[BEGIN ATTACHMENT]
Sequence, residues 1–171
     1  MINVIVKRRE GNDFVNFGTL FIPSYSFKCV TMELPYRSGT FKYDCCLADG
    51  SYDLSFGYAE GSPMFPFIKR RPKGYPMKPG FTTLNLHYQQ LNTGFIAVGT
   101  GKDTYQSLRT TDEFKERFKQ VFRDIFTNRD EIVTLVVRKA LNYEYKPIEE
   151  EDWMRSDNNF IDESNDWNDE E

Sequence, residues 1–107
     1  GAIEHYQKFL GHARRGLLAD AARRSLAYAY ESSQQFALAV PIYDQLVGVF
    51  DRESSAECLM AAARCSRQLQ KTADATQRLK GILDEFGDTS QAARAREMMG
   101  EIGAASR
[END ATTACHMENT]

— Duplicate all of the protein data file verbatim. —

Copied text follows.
Sequence, residues 1–171
     1  MINVIVKRRE GNDFVNFGTL FIPSYSFKCV TMELPYRSGT FKYDCCLADG
    51  SYDLSFGYAE GSPMFPFIKR RPKGYPMKPG FTTLNLHYQQ LNTGFIAVGT
   101  GKDTYQSLRT TDEFKERFKQ VFRDIFTNRD EIVTLVVRKA LNYEYKPIEE
   151  EDWMRSDNNF IDESNDWNDE E

Sequence, residues 1–107
     1  GAIEHYQKFL GHARRGLLAD AARRSLAYAY ESSQQFALAV PIYDQLVGVF
    51  DRESSAECLM AAARCSRQLQ KTADATQRLK GILDEFGDTS QAARAREMMG
   101  EIGAASR